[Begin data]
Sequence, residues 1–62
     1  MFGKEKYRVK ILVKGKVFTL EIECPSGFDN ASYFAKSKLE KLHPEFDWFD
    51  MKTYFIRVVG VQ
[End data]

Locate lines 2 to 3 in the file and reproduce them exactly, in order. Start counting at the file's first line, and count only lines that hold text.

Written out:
     1  MFGKEKYRVK ILVKGKVFTL EIECPSGFDN ASYFAKSKLE KLHPEFDWFD
    51  MKTYFIRVVG VQ